So what about those putative “genderless” languages? The only one that I have any direct knowledge of is Finnish, but I understand that all of the Uralic languages are the same in the most important way: there is no gender concord for adjectives or participles. These languages have no articles, so there is nothing to agree with there. But with pronouns it gets a bit more interesting. Finnish arguably has a two-gender system for personal pronouns: the sentient hän (singular)/he (plural), and the non-sentient se/ne. But (and it’s a big “but”), in regular spoken conversational Finnish (as opposed to newscaster or teach-to-confused-foreign-teenagers Finnish) these two categories are collapsed — to the “non-sentient” se/ne. I never learned the language well enough to express complex structures, but I suspect that there may be similar behavior in some of the relative pronouns. Away from Finnish, I know that there are languages that don’t have pronouns at all, but I don’t know how that set intersects with other means of marking gender or noun classification.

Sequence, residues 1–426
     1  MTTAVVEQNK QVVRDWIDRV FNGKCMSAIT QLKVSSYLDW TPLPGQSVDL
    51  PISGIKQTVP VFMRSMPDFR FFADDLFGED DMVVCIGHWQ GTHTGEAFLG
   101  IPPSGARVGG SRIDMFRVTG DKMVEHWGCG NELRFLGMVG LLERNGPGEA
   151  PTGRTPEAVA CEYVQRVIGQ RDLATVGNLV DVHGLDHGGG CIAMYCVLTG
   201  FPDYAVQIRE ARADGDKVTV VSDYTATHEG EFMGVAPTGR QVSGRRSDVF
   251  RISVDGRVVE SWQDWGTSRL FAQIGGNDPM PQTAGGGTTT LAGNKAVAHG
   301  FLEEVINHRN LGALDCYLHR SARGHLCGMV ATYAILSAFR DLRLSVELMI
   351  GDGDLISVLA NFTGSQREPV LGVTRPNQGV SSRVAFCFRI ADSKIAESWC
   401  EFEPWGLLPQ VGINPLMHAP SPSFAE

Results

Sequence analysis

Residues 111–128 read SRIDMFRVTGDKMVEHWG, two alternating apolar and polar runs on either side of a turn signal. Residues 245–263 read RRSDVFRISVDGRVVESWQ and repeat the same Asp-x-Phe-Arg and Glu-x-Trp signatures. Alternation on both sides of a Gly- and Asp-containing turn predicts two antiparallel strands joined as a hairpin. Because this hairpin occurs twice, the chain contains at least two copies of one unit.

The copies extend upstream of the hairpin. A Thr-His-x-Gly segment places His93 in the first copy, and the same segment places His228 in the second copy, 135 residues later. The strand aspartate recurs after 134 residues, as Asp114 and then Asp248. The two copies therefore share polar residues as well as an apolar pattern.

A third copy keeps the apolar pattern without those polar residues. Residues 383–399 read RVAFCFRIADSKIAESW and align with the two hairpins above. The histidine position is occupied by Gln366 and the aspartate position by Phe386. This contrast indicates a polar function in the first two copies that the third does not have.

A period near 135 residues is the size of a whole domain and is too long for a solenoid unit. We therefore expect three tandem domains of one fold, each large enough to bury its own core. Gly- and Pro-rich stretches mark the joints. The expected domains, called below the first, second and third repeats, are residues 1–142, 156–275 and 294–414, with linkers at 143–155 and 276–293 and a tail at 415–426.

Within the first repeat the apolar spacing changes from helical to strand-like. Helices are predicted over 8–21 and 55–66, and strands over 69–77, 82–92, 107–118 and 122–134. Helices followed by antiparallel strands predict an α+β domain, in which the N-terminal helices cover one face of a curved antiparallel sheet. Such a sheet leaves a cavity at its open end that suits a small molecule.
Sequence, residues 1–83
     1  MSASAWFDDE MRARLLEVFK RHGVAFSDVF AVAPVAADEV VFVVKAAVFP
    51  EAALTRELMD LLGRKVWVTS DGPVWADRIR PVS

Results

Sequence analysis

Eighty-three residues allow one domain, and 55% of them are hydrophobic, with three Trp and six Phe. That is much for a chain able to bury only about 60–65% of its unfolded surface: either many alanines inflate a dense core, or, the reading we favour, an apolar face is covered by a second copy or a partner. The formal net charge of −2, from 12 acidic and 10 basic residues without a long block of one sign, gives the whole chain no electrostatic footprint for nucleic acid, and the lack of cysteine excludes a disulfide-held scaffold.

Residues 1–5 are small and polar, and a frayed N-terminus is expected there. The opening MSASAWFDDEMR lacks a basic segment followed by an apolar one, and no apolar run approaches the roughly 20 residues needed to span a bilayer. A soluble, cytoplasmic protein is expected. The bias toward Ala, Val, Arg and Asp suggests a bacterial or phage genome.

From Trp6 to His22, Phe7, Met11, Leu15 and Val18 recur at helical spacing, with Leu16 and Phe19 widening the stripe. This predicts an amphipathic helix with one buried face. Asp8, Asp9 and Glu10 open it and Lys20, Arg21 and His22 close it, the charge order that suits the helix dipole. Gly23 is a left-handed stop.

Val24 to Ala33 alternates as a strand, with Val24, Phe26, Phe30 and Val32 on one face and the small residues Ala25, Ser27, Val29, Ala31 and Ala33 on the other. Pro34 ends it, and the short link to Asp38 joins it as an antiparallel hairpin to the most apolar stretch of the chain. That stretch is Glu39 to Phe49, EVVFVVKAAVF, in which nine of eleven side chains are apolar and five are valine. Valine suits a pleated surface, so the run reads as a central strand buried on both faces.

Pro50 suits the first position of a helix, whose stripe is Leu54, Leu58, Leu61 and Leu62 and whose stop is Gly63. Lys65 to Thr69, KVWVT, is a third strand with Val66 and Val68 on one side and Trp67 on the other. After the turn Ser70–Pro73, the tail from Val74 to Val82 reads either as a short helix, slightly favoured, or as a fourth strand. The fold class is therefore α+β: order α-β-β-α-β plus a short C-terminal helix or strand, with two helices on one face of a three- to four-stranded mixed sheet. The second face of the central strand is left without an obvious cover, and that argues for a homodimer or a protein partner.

Another interesting part of this conversation here, albeit one that I’m not all that well prepared to discuss, is the question of languages with mandatory gender marking for names. As English users, we are accustomed to the idea that a personal name is just an arbitrary user-chosen token, and might at least in theory refer to any gender. Indeed, numerous names are gender-neutral or have, in living memory, actually changed their default gender. (“Robin” is perhaps the poster child here: previously a diminutive form of “Robert”, today most Robins are female and not a diminutive for anything.) That said, we are still familiar with gender-marked names, whether it’s “Alexander”/”Alexandra” (sharing the gender-neutral hypocoristics “Alex” and “Sandy”!) or “Robert”/”Roberta”. Numerous other pairs of names exist in the repertoire used by English speakers to name their children and their fictional characters. Some other cultures take this to an extreme, however: most or all names in Slavic languages, for example, are gender-marked — both given and family names, not to mention patronymics. Similarly, the patro/matronymics used in Icelandic names have mandatory gender marking, because (as with the Slavic patronymics) they contain an element that means either “son” or “daughter”, regardless of whether they use the father’s or mother’s name as the base.